Exile from national identity: memory exclusion as political
Historiography and national memory are not social institutions that formed spontaneously, democratically or pluralistically, but rational projects featuring power relationships, shaped by actors promoting political interests through it and legitimizing their preferential social status and political dominance. The research follows the Israeli Labor Movement's attempts to present the statehood project and the war for independence as achievements owed solely to the Hagana (an underground organization affiliated to the labor movement on the eve of statehood). Insistent efforts distanced from national memory any mention of two other underground movements, affiliated with the rival Revisionist Movement, that after statehood became political Party. The article indicates the memory-screening strategies applied, illuminating the ruling party's conscious attempts to make the public memory and public historiography controllable resources and to exclude political rivals from the national pantheon. Also described is the establishment's meticulousness supervision of national historiography, including history textbooks and commemorative literature. The paper tracks failed attempts by marginalized groups to enter the public memory, and their subsequent launch of an 'alternative memory arena' competing with the establishment's memory.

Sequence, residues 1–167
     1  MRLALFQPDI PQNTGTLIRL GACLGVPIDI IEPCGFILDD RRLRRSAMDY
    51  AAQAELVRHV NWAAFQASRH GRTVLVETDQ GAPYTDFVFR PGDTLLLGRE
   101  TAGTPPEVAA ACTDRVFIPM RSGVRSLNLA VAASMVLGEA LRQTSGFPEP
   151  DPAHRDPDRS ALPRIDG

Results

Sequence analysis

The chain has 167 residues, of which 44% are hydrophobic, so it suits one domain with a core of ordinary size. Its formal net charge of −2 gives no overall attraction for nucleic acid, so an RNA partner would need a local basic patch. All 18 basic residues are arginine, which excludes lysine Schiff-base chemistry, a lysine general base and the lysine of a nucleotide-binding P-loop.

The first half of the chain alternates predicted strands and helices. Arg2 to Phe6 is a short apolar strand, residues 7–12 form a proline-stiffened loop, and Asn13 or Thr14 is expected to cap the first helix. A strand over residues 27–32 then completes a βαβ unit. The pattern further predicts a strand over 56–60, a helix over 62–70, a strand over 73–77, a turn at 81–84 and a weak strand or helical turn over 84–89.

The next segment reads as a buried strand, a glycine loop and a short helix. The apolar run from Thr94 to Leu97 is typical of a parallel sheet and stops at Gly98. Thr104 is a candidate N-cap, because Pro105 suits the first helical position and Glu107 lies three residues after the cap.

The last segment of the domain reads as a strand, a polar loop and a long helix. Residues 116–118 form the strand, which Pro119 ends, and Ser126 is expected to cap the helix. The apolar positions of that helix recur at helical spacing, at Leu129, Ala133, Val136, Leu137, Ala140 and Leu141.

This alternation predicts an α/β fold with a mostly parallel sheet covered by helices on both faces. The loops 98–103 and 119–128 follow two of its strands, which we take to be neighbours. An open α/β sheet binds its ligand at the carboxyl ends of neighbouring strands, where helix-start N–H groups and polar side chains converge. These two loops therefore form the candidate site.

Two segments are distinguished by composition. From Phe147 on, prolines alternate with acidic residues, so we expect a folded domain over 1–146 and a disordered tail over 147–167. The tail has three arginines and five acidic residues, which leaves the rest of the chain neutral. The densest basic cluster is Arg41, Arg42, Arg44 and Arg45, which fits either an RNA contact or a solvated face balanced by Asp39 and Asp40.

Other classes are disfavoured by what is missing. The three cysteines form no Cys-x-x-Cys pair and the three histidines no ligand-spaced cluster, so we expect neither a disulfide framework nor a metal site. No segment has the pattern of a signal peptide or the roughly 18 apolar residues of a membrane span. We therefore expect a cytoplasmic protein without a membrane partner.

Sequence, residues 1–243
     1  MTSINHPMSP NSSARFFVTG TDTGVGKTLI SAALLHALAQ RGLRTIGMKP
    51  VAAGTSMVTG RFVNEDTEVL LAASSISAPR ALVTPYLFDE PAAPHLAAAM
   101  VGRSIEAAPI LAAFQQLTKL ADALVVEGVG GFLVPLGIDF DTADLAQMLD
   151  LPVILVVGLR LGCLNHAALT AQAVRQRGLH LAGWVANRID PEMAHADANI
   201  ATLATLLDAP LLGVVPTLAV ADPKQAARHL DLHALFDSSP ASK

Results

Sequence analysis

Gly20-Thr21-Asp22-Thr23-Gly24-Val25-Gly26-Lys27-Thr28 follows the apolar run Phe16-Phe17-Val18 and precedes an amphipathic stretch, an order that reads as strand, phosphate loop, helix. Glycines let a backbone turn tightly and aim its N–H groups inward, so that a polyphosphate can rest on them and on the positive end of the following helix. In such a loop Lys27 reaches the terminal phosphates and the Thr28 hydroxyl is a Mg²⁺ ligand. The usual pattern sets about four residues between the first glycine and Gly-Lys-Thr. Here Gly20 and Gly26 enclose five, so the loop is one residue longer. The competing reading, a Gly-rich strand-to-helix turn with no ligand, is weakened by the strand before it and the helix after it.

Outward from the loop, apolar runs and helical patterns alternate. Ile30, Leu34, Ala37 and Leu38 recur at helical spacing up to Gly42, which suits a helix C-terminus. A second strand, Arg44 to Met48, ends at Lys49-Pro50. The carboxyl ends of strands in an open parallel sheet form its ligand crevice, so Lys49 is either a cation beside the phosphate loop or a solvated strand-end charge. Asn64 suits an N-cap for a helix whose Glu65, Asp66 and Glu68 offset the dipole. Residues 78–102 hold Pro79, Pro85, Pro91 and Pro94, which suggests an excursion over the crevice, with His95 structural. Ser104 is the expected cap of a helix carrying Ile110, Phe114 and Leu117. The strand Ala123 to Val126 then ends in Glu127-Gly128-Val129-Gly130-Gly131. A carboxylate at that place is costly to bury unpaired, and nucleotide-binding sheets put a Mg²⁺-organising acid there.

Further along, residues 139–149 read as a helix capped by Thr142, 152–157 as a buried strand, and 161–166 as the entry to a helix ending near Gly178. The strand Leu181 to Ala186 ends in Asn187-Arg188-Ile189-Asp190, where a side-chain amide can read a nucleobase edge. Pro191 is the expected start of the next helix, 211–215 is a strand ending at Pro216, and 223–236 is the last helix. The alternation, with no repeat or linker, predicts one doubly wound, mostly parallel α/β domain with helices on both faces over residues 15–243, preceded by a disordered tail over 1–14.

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Document Type: Research Article
Affiliations: Sapir College & Ariel University Centre, Israel
Publication date: 2009-09-01